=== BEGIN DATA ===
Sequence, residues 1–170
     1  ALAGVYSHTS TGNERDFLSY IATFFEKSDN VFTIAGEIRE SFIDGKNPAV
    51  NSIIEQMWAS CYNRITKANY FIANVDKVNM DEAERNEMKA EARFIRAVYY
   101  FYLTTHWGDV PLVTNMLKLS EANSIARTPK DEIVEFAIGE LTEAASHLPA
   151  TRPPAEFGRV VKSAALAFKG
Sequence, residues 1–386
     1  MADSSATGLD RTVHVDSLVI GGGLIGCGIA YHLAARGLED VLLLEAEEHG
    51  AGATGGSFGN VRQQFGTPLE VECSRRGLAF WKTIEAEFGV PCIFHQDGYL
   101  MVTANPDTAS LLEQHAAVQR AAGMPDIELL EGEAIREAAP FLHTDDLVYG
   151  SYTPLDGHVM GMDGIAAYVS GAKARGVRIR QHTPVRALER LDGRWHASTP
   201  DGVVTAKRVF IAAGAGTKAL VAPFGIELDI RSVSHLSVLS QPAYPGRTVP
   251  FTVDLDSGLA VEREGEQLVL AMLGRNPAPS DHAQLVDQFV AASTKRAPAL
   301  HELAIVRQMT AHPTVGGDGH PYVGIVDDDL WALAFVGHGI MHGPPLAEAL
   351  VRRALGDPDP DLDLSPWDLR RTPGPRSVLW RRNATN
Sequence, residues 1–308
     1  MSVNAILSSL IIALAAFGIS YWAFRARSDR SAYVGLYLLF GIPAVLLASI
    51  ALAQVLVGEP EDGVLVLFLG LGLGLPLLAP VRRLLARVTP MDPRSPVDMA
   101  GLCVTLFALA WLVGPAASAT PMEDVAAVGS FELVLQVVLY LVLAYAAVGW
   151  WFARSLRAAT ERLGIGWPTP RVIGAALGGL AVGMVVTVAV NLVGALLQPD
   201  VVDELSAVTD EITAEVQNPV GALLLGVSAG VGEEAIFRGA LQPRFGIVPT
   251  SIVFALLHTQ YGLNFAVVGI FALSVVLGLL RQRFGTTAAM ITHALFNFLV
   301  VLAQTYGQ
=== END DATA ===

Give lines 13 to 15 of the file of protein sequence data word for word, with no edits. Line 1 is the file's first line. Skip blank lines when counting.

   301  HELAIVRQMT AHPTVGGDGH PYVGIVDDDL WALAFVGHGI MHGPPLAEAL
   351  VRRALGDPDP DLDLSPWDLR RTPGPRSVLW RRNATN
Sequence, residues 1–308